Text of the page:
When you protect patient data, stay alert and create a plan

When you protect patient data, stay alert and create a plan

Patient data is essential for providing coordinator care, but more data also creates greater risks.

With the rise of malware and ransomware attacks, being aware of the dangers and proactively creating a plan to manage problems is essential to protect patient data, according to a session of the Asembia 2022 Specialty Pharmacy Summit entitled “Drugs, Data , and Defense: Protecting Patient: Data Providing Safer Care “.

According to presenter Shawn Griffin, MD, FAAFP, president and CEO of URAC, patient data is essential to providing coordinator assistance, but more data also creates greater risk. Data security carries both legal and reputational risks and new systems are needed for healthcare to evolve; however, these new systems also entail new risks.

One of the most notable security risks is cyber attacks, which have increased significantly in recent years. Griffin pointed out that cyber attackers are smart, so educating employees on what to keep an eye out for is an important step in ensuring data security.

“This is getting big and this is getting serious,” Griffin said. “Medical service providers have been dealing with this problem for decades now, and to be honest, they’re not doing a great job with it.”

The main aspects to consider with data security include physical risks, backup systems, technical precautions, malware or ransomware and various types of systems and their respective security. With all these concerns, Griffin said it’s critical to proactively consider both how to protect your data and what to do if it gets compromised.

Physical risks can include both protecting pharmacy servers and ensuring offsite data storage in the event of a fire or other disaster. Minimizing the number of people who have access to the server room is important, and servers should be treated with the same caution and safety as controlled substances, Griffin said.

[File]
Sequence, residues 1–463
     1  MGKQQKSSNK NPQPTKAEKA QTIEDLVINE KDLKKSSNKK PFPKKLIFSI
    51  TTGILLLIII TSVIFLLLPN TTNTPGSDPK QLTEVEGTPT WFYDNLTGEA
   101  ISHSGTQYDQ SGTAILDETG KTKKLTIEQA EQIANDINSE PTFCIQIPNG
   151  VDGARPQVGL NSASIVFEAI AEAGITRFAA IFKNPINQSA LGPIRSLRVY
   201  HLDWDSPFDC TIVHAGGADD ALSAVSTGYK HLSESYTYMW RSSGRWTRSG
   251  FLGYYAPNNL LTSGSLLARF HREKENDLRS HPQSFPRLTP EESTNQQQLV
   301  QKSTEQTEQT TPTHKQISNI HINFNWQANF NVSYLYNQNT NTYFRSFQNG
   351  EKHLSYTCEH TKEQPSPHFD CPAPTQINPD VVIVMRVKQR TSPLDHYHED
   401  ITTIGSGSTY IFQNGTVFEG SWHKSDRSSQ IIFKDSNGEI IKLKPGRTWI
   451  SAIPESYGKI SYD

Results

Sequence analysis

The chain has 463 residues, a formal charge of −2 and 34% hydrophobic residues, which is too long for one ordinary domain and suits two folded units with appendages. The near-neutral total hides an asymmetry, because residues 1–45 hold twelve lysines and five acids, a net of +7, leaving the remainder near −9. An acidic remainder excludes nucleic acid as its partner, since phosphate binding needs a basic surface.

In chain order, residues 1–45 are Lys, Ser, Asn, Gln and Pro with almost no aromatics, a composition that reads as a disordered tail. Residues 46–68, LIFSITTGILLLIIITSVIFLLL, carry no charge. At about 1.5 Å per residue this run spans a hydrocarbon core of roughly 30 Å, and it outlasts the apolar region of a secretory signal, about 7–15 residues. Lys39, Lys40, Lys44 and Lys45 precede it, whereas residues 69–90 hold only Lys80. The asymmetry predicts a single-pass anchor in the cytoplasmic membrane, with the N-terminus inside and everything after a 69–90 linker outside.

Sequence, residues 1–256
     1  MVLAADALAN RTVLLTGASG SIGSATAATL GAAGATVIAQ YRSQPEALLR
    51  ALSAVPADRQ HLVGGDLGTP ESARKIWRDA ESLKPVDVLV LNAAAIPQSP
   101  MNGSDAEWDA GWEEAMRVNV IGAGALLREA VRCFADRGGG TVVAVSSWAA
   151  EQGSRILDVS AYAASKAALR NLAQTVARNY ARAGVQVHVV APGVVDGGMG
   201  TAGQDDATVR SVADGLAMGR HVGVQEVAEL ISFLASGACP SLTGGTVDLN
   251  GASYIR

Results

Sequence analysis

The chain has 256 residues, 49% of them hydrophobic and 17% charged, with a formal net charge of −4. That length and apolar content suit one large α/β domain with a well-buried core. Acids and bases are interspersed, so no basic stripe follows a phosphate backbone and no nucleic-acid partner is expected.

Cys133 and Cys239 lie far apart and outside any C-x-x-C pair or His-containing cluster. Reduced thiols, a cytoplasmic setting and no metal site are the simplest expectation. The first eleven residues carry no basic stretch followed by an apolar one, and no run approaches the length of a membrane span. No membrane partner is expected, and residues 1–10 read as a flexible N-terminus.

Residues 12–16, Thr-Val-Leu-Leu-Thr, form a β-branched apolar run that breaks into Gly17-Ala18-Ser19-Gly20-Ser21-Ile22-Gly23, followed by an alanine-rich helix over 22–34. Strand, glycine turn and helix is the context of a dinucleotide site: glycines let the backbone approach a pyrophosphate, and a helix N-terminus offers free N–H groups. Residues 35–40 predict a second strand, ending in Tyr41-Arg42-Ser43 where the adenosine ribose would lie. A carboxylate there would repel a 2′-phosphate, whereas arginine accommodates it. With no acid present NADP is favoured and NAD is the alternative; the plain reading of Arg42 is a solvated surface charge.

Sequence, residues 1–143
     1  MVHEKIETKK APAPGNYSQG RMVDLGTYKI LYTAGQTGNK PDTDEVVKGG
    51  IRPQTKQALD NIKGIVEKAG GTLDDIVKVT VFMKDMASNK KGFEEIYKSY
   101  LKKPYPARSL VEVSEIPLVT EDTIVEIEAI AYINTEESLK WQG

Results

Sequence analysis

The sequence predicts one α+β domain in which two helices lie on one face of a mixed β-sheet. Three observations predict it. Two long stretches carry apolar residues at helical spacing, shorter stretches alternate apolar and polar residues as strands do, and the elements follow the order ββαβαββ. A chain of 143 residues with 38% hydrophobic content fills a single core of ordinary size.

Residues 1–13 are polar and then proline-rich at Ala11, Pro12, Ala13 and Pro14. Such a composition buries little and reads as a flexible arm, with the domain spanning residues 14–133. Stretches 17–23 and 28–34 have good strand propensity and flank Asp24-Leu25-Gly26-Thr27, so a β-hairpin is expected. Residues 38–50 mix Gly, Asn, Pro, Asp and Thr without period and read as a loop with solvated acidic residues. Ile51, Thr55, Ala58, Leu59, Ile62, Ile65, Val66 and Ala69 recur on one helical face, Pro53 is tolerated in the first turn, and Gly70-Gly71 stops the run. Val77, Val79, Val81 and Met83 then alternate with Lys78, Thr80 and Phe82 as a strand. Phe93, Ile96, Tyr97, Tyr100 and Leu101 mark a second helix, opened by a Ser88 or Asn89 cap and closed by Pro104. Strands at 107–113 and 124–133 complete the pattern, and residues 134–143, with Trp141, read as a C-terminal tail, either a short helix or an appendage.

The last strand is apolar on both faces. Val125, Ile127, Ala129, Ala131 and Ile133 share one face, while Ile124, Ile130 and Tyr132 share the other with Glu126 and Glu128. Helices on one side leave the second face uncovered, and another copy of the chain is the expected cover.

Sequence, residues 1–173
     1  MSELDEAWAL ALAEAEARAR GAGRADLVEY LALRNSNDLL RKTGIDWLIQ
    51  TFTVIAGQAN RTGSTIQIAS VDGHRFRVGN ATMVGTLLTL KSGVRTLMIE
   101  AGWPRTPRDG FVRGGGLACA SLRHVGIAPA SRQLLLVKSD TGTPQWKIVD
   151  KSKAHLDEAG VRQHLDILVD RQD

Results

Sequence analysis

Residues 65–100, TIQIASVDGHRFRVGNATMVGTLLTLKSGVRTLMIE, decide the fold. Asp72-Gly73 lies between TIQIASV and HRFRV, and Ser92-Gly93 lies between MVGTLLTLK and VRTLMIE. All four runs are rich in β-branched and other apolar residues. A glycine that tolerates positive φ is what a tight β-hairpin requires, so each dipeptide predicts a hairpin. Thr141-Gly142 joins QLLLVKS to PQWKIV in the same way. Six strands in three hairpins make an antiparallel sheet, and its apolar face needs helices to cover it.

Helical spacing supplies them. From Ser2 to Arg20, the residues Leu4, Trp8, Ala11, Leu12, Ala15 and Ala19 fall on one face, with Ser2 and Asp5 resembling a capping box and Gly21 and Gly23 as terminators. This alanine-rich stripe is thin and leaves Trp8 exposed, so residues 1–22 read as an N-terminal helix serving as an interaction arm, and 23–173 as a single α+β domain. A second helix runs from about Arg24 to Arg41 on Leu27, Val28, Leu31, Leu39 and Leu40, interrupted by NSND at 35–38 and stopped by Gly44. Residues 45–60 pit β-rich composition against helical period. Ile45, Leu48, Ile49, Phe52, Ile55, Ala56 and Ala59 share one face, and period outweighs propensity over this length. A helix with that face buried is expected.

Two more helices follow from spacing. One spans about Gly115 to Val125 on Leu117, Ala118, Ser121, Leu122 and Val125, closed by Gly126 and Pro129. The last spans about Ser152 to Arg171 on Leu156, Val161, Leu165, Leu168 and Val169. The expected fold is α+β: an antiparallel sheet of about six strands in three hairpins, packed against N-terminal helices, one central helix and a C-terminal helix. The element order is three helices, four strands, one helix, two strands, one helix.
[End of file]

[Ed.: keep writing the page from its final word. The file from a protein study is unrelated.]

Additional technical precautions can be encrypting data, even on computers or devices that employees bring home, and designating clear roles for anyone with access to the data. Regular risk assessments should also be conducted, although the frequency depends on the type of software and systems used by the pharmacy.

Developing and regularly testing a business continuity plan is also an essential step in ensuring that patients still receive the care they need if data is compromised or systems go offline.

Finally, Griffin discussed the interoperability of systems and the benefits it brings along with the risks. Whenever internal systems are connected to a partner’s systems, Griffin said the risks of data breaches increase. If a cyber-attacker were to access the partner’s system, he could make his way into other connected systems. Despite these risks, however, recent legal developments require interoperability.

For example, Griffin said the 21st Century Cares Act includes a requirement for interoperability because the data is owned by the patient, so it cannot be held solely by a single health care provider. Pharmacists’ eCare plan is not widely used, but Griffin said it also includes requirements for interoperability and could emerge in state regulations or through encouragement from the pharmacy organization.

Griffin noted that there are also significant fines for non-compliance with interoperability due to federal laws with these requirements. Though smaller organizations may feel under the radar, Griffin said it won’t last.

When considering data security in general, Griffin said the ultimate goal is to have a more complete picture of the patient in order to provide better care. The tools needed to be a high-performance vendor pose new risks to any business, but ensuring security by updating and modernizing systems at the same time is essential.

Finally, Griffin encouraged pharmacists and pharmacy managers to seek help when needed, because data security is a complicated and ever-changing field.

“You know what you know and admit what you don’t know,” he concluded.

Reference

Griffin S. Drugs, Data, and Defense: Protecting Patient Data by Providing Safer Care. May 3, 2022. Presented at Assembly 2022 Specialty Pharmacy Summit.

Leave a Comment

Your email address will not be published.